Joy Behar stated, “It’s one thing to talk to Jesus. It’s another to say Jesus talks to you. That’s called mental illness.” Although she later apologized, first to Vice President Pence and later to all Christians, (1), what she stated is a quite commonly-held view, even among Christians. There is a world of difference between the so-called “milk” or “lukewarm” Christians, who are judged as being sane, and the “meat” Christians, who are judged as being insane.
Two things seem to require further thought. First is, what makes up “belief”, and second, what makes up “sanity”?
One thing apparent to me is that much more “belief” is involved, in the ordinary thinking of ordinary people, than they care to admit. Teenagers ordinarily become aware of this when they first dare to question the Status Quo, and rather than answers get ultimatums, however in most cases youthful restlessness fades into resignation, and teenagers “settle down”. (This is just a nice way of saying “you can’t fight City Hall”, even if City Hall is corrupt.) Yet in the back of all minds, (very far back, in some cases), there remains a questioning silence, often never voiced, that doubts the values of the Status Quo.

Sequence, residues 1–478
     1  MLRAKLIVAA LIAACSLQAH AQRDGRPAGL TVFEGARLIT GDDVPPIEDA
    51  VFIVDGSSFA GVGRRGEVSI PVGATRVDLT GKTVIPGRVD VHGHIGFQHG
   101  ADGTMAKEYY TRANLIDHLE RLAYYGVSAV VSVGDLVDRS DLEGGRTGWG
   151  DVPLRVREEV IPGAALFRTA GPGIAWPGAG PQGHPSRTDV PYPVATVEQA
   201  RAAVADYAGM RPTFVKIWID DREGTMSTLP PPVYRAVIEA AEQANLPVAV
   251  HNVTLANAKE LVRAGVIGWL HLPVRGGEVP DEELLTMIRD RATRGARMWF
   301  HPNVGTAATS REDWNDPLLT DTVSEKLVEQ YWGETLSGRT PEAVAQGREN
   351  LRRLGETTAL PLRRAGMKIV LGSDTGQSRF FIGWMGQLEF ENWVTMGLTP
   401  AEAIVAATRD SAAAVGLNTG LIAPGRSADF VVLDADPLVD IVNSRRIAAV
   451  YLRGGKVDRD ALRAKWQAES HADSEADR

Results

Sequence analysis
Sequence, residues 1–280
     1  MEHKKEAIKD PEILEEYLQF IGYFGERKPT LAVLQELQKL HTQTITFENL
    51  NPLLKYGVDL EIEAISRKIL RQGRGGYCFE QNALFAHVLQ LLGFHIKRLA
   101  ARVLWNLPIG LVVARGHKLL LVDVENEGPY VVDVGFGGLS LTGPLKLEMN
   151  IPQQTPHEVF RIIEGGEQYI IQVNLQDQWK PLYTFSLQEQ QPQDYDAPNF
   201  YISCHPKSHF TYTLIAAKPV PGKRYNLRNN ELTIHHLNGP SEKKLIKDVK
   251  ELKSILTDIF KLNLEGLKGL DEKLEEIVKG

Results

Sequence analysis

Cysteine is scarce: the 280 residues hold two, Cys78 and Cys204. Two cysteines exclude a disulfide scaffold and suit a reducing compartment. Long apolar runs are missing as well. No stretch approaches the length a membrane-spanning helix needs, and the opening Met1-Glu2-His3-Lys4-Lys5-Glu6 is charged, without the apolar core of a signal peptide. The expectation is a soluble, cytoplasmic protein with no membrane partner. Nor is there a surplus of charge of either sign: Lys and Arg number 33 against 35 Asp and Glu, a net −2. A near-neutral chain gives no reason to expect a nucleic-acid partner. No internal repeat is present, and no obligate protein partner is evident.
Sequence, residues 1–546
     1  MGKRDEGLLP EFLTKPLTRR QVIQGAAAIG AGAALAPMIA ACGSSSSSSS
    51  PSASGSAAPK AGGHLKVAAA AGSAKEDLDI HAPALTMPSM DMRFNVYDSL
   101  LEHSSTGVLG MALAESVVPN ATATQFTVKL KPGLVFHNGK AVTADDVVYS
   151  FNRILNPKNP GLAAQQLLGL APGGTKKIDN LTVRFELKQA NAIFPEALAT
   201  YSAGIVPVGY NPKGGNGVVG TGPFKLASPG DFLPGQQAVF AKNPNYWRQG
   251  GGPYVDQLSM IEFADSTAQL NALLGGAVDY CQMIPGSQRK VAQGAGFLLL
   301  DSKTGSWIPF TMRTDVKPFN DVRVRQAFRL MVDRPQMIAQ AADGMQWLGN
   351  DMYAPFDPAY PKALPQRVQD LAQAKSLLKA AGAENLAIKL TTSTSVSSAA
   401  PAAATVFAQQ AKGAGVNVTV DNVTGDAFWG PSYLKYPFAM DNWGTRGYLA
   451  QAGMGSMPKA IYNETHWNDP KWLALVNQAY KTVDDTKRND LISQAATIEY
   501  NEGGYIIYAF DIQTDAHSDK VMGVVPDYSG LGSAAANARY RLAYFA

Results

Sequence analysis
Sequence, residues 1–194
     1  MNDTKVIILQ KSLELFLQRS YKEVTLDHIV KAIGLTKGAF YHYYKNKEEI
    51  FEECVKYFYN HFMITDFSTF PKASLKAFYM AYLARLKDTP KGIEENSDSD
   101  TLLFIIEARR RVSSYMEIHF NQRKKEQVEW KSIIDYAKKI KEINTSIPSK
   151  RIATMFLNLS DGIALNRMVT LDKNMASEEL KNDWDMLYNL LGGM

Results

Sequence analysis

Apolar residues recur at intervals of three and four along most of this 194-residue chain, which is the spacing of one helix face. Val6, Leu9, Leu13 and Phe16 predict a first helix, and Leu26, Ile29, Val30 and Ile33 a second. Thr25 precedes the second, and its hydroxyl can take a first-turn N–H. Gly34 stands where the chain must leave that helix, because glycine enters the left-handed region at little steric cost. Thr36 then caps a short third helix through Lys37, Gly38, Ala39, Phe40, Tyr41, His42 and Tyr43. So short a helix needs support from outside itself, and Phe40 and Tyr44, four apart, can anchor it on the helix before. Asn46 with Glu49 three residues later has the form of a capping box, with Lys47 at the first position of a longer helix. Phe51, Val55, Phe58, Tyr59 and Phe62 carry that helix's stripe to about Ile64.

I became interested in this silence when quite young. I suppose it was because I tended to be a loudmouth and was told to “shut up” a lot by three older siblings. Also I was skipped ahead a grade in school, and this made me smallest in my class, and unable to knock peers down, when they told me to “shut up” (though I did try, from time to time.) Because I had to be quiet, I looked inward, and discovered inward landscapes sometimes were more interesting than that which was going on outwardly. This was especially true in Algebra classes. I dreamed out the window a lot.